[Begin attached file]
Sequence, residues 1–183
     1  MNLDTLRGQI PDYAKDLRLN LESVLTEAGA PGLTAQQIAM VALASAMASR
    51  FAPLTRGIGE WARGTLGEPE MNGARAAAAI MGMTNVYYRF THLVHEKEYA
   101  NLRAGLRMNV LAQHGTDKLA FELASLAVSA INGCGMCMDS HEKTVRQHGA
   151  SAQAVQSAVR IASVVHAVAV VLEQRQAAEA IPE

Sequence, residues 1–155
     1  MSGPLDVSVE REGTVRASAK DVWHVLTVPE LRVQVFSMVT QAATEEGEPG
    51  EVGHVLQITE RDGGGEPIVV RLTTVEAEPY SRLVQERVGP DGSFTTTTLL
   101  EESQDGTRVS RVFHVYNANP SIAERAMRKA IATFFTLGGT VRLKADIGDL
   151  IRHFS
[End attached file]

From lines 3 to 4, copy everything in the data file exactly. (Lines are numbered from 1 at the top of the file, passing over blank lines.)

    51  FAPLTRGIGE WARGTLGEPE MNGARAAAAI MGMTNVYYRF THLVHEKEYA
   101  NLRAGLRMNV LAQHGTDKLA FELASLAVSA INGCGMCMDS HEKTVRQHGA